The bitter Chicago mayoral battle is going into its final week with strategists on both sides agreed that underdog Republican Bernard E. Epton has moved into a position where he is almost an even-money bet to upset Rep. Harold Washington (Ill.), the Democratic nominee.

Ironically, though the campaign for the April 12 election has been dominated by the racial polarization over Washington's bid to become the first black to run this city, the final week's effort on both sides is focused on the relative handful of voters who are trying to see beyond the race issue that has brought national and international attention to this fight.

Both Epton and Washington put on new television commercials this weekend aimed at the so-called "lakefront liberals," a small but affluent and politically active slice of Chicago's citizenry who are telling pollsters on both sides that they are torn by doubts about both contenders. The two former legislators will spend much of their remaining campaign time with these hitherto neglected voters.

Washington, thrown on the defensive the last two weeks by a series of Epton attacks on his integrity, is firing back with tough new ads depicting Epton as a "puppet" for Ronald Reagan and the Republican Party, which Washington says has ordered Epton to run what he calls a racist campaign. Washington supporters also hit Epton today for allegedly building his law practice from insurance business while serving as head of the legislature's insurance committee.

Epton is responding with positive, issue-oriented ads, aimed at strengthening his image with the only constituency in the city that may be more interested at this point in the policies the new mayor will follow than the color of his skin.

The seven lakefront wards (of the city's 50) have a reputation for political independence. They are dominated by liberal Democrats who sometimes cross party lines to support reform-minded Republicans. Many of the residents are Jewish, and Epton, a Jewish, liberal Republican who represented one of the lakefront wards for 14 years in the legislature, is, in the words of one Washington strategist, "the best kind of candidate the Republicans could have for the lakefront."

All told, the seven wards cast fewer than 200,000 votes. But the polarization of the rest of the city makes their votes crucial. Both campaigns took fresh polls this week, and, while the exact figures remained secret, the results on both sides pointed to a close race.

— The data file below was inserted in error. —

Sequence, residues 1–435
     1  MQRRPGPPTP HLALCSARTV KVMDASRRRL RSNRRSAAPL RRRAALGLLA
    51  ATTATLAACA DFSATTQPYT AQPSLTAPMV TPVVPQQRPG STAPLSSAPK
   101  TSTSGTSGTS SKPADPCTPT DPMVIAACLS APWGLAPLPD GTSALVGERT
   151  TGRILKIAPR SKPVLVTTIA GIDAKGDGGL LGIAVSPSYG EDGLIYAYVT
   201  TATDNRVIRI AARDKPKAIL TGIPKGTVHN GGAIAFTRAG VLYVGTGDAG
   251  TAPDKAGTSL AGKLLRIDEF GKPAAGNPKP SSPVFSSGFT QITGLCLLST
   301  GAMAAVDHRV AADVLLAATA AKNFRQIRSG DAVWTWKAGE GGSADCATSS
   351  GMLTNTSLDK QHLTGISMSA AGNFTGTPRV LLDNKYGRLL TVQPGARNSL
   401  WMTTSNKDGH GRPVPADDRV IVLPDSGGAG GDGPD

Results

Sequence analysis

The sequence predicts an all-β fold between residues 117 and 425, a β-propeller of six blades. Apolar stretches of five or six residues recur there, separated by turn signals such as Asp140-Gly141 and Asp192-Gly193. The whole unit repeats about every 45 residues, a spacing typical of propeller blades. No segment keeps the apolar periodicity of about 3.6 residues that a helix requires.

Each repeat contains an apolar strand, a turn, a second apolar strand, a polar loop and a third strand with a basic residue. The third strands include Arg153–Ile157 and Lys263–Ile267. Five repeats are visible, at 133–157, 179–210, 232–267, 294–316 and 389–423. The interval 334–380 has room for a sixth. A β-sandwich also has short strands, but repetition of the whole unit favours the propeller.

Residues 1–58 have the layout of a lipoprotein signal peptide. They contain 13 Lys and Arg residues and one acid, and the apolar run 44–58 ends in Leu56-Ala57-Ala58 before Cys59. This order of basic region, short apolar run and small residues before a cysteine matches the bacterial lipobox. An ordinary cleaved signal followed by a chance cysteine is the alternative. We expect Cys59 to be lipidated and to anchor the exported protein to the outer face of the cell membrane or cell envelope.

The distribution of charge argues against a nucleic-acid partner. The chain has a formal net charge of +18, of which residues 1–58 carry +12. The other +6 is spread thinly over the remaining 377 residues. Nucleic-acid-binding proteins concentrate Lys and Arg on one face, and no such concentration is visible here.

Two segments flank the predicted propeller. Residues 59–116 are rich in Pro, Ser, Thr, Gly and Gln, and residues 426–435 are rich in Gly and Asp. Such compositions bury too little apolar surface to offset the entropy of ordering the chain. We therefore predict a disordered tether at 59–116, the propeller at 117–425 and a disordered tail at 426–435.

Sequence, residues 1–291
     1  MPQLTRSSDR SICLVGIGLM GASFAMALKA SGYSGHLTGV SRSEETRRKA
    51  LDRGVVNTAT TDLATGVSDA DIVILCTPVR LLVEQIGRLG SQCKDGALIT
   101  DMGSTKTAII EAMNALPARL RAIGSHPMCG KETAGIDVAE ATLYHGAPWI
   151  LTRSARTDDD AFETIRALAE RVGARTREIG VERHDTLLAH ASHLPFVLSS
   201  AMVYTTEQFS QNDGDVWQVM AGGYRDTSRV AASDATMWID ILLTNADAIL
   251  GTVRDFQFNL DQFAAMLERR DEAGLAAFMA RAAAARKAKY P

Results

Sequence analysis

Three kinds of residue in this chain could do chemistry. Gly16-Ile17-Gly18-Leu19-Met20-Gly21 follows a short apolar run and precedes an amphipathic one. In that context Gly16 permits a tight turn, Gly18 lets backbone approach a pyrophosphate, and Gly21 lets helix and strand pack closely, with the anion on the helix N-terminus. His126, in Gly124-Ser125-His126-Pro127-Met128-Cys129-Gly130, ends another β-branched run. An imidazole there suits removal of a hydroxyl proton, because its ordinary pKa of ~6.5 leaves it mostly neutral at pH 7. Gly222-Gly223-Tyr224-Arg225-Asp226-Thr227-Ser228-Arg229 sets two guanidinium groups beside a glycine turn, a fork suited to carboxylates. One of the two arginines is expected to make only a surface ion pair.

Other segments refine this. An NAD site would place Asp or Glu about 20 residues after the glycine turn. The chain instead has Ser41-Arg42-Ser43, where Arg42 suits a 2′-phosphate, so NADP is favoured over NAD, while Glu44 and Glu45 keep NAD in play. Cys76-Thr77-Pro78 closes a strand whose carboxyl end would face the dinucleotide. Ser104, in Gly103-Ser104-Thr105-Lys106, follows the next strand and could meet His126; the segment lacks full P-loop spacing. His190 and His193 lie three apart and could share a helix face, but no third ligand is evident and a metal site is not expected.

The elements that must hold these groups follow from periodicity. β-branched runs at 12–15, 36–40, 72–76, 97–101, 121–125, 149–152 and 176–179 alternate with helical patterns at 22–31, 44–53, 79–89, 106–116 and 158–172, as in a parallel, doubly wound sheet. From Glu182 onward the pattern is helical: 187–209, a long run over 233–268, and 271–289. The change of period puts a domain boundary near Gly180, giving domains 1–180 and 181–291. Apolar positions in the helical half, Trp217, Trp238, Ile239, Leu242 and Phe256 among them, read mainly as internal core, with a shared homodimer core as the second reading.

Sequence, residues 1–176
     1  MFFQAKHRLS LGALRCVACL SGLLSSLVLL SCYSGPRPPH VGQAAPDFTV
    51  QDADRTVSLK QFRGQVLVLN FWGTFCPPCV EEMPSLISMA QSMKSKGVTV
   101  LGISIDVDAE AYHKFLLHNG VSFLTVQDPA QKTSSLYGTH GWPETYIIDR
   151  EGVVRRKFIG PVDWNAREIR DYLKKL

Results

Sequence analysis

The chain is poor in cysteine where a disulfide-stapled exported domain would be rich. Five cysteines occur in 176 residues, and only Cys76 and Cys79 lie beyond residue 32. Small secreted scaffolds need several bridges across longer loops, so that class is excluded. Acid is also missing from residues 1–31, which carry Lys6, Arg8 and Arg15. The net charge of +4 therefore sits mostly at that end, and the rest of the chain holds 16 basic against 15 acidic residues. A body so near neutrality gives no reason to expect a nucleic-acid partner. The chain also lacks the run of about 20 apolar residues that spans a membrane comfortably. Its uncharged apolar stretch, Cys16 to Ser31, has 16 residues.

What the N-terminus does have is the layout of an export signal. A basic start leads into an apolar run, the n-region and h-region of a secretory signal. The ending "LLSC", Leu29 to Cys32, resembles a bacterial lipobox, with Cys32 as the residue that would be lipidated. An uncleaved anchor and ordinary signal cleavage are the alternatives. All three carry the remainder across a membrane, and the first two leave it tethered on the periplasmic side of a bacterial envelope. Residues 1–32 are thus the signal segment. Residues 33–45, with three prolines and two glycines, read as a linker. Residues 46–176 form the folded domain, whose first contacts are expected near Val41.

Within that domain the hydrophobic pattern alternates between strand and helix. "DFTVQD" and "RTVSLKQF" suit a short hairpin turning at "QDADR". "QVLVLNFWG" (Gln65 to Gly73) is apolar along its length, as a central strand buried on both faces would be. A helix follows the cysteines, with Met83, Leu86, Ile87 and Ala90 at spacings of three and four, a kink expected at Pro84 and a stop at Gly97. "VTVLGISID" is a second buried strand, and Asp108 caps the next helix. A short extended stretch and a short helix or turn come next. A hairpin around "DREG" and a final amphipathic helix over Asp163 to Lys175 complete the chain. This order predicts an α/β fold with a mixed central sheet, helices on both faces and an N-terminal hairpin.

"My guess is that it will be decided by 30,000 to 50,000 votes either way," said John Deardourff, the Epton campaign consultant whose TV ads, urging Chicagoans to vote Republican "before it's too late," have fueled controversy. "The fact is, this is a very close race, period," echoed Washington campaign manager Al Raby.

Both camps believe the emotional intensity in black and white neighborhoods will translate into a vote than may reach or top 1.3 million, better than an 80 percent turnout. Both sides expect Washington to receive about 500,000 black votes, 100,000 more than he won in the primary. Both see at least 500,000 white ethnic votes (almost all nominal Democrats) for Epton. "The northwest side and the southwest side are gone," said one Washington manager, referring to the Polish, Irish, Italian, German, Greek and Slavic neighborhoods.

One battleground is the Puerto Rican and Hispanic community, where Washington ran poorly in his primary contest with Mayor Jane M. Byrne and Cook County State's Attorney Richard M. Daley, and was campaigning today with New Mexico Gov. Toney Anaya (D).

But the more important front for the final week is the lakefront. Whereas "95 percent of the committed vote, on both sides, is based on the race of the candidates," according to one Republican strategist, the "lakefront liberals" can be appealed to largely on the basis of issues.

"We have gone about as far as we can in our attacks" on Washington, said Deardourff, referring to the series of ads focusing on Washington's conviction and jail sentence for nonpayment of income taxes and his temporary disbarment for misappropriating clients' funds.